Newspapers of the day wrote that the crowd that gathered along downtown streets in St. John’s 100 years ago today to welcome home a young and humble Sgt. Tommy Ricketts from the First World War had not been seen up to that time.
Word had spread that Ricketts would disembark from the SS Corsican, which had brought Royal Newfoundland Regiment soldiers home. The ship arrived in St. John’s harbour the evening before to an expected reception that included fireworks, ships bells and anxious crowds, but the delay in soldiers disembarking had left many waiting hours in the cold and they became disgruntled.
But by the next day, a Saturday, the mood had changed as the young hero came ashore.
At only 17 years of age Ricketts was awarded the Victoria Cross for his bravery — the youngest person in the British Army to have received Britain’s highest military honour.
A Daily News article described the scene: “As soon as he reached the Furness-Withy pier, he was taken by some of the war veterans and borne on their shoulders to Water Street. His appearance was the signal for an outburst of cheering from the thousands of citizens who were present to do him honour, and it was several minutes before it ceased.”
The article states that a sleigh with a pair of horses had been rigged up to parade Ricketts through the streets, but a number of young men unharnessed the horses and pulled the sleigh themselves.
With the Victoria Cross pinned to his uniform, it was the first time the medal was on display in Newfoundland.
“Thousands also grasped his hand as he passed along, and considered this a high honour,” the article reads. “Never before has St. John’s witnessed such numbers in the streets.”
Later in the article it notes: “The young hero is of very reserved disposition, as evidenced by the fact that instead of taking rooms at the Crosbie (hotel), as proposed to him, he preferred to take up quarters with Mrs. McDonald, 53 Colonial St., with whom he boarded before going overseas, and who is justly proud of the honour conferred on her.”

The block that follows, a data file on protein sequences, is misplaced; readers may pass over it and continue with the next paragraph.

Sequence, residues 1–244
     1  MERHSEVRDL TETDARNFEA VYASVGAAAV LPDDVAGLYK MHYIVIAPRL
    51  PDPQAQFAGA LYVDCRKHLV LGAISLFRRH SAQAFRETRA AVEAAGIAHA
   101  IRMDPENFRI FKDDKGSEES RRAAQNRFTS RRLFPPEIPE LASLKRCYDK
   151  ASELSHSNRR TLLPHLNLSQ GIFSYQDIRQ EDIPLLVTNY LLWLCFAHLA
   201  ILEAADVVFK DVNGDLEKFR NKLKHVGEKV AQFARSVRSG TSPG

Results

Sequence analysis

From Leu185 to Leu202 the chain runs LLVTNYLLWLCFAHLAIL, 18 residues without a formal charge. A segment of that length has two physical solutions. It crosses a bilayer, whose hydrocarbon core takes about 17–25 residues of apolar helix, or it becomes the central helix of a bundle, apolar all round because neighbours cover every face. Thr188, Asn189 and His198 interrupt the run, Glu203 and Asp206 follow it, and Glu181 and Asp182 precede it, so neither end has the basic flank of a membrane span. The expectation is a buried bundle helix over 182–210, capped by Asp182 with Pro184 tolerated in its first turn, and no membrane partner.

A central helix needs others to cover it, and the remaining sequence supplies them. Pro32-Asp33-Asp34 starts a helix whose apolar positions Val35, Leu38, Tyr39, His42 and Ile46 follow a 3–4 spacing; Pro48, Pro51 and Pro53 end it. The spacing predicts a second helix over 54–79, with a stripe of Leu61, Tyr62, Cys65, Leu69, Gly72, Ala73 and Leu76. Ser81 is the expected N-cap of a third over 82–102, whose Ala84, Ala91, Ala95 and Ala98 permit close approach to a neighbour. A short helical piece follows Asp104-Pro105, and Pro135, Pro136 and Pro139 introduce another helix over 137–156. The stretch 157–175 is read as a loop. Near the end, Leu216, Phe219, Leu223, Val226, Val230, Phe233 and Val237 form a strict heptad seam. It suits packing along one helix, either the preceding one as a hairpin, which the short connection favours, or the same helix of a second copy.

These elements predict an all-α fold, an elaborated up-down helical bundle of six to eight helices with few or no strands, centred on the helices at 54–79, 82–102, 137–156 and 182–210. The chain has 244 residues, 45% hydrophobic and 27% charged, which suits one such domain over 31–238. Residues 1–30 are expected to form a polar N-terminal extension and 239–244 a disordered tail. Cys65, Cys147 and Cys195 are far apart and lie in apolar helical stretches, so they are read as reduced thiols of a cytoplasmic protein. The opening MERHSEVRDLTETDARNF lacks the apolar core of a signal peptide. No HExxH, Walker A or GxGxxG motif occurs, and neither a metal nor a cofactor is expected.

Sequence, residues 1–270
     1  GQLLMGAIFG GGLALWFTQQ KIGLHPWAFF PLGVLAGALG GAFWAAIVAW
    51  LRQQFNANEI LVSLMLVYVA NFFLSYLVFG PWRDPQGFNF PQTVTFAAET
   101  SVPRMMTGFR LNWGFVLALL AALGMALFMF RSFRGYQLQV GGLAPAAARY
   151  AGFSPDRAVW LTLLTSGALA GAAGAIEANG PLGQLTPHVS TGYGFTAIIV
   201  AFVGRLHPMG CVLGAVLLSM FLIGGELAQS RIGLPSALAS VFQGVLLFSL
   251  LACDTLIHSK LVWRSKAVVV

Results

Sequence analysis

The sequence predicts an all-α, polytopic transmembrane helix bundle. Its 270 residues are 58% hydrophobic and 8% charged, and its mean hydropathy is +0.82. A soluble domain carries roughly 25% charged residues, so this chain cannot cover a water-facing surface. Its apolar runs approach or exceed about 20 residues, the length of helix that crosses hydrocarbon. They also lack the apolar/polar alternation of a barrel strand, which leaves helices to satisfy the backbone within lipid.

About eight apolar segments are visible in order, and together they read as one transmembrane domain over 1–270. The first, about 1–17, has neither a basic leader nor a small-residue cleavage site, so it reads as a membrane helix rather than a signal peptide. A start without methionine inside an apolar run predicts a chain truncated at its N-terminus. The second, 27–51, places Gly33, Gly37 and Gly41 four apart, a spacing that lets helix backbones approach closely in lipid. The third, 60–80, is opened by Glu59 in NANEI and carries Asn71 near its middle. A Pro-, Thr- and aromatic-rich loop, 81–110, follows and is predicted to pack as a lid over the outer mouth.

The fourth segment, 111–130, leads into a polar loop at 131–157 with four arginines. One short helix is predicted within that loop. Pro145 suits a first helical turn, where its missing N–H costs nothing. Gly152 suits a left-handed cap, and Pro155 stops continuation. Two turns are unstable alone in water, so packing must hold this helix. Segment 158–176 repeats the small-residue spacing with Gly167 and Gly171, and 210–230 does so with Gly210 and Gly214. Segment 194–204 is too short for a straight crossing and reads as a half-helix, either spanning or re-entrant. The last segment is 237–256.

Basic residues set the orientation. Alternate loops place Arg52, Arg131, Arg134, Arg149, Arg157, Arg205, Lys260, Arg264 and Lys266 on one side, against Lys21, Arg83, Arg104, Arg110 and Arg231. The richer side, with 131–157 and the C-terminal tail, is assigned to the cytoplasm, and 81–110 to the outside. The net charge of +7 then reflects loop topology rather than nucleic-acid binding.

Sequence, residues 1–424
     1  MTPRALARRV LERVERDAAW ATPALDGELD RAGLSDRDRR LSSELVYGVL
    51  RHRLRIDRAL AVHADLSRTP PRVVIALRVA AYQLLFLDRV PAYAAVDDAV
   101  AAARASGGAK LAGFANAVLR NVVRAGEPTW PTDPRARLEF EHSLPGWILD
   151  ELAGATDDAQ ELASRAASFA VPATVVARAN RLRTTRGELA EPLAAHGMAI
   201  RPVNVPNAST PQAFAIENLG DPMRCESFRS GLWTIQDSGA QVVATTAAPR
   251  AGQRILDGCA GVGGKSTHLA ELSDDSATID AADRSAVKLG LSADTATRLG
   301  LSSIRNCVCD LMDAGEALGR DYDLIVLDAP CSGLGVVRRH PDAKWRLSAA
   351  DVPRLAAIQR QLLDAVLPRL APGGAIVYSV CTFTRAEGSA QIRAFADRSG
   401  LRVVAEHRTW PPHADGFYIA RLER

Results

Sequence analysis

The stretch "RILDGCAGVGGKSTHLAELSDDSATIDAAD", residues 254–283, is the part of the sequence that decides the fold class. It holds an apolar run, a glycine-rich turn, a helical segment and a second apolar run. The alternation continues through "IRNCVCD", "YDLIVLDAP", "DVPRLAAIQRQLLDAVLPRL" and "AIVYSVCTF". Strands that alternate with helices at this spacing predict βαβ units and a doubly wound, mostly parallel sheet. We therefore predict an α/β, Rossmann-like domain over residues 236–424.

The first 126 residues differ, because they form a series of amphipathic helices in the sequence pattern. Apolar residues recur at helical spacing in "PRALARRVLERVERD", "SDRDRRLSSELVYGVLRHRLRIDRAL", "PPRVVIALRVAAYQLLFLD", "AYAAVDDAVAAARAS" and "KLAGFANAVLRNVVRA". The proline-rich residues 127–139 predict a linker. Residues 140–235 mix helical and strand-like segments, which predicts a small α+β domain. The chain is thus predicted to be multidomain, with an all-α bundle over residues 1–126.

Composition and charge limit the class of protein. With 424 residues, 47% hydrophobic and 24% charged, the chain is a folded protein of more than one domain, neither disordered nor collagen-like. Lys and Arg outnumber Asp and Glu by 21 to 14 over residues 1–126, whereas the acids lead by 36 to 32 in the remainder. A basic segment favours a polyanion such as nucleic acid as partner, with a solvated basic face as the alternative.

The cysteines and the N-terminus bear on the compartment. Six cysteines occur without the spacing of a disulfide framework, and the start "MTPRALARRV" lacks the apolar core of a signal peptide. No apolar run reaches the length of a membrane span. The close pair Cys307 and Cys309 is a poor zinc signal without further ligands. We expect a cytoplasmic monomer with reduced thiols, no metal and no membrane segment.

It was The Evening Telegram, however, that obtained the first interview with Ricketts, while he was still on the SS Corsican. A young Evening Telegram reporter named Joey Smallwood — who later became the province’s first premier — secured himself a spot on a boat carrying officials out to the anchored Corsican to greet the troops that Friday evening.
A story appeared in the next day’s Evening Telegram. Though there was no byline applied to the story, it’s assumed that reports are correct that it was indeed Smallwood’s work.
In the article, Ricketts, originally from White Bay, tells how he was motivated in the act that won him the Victoria Cross by the death of his brother, Pte. George Ricketts, in an earlier battle.
Ricketts and his section commander, Lance Cpl. Matthew Brazil, volunteered to advance with a Lewis gun in an attempt to outflank a German battery near the village of Drie-Masten while their fellow soldiers were pinned down in a small ditch on a farmer’s field.
Advancing by short rushes under heavy machine gun fire, the Lewis gun ammunition ran out while Ricketts and Brazil were still 300 yards from the German battery.
Ricketts doubled back to get more ammunition, all the while being targeted by the Germans. Returning to the Lewis gun with the ammunition, he found that Brazil had moved forward.
Still under heavy fire, Ricketts reloaded the Lewis gun and, by accurate shooting at the enemy battery, drove their gun teams into a partly destroyed farmhouse. Ricketts continued to advance by shooting his Lewis gun from the hip. The Germans surrendered.
Brazil was awarded the Distinguished Conduct Medal for his courage that day. Though he was likely aboard the SS Corsican at the same time, the focus was on Ricketts, a Victoria Cross winner.
After the war, Ricketts settled in the St. John's area, and Brazil went back to Spaniard's Bay. Ricketts tired of the fame of being a Victoria Cross winner and pursued education. He became a pharmacist in St. John’s and rarely spoke about the war.
He and Brazil remained close friends.
Ricketts’ granddaughter, Catherine Soplet, said that when the stories appeared in the newspapers after the soldiers arrived home, many of them could not read them.
“Smallwood’s story with its 72-point mighty headlines was published to greet my grandfather when he disembarked, but he could not read them,” Soplet said. “In a time when there was low literacy, most of those troops could not read what was written about them, including Tommy Ricketts himself.
“The reason Joey Smallwood had the hutzpah to go out and scoop that story was so he could not only report the story, but demonstrate his value to his newspaper, because he was dirt poor. He needed that story to come out because it spoke for all of them. As a person who was reading and writing and coming out of poverty, Joey Smallwood knew exactly what was going on.”
Soplet said her grandmother once told her that Smallwood had wanted Tommy Ricketts to run for politics.
“My grandmother said, ‘Joey Smallwood was a Liberal and Tommy was a Conservative, and that was the end of the discussion.’”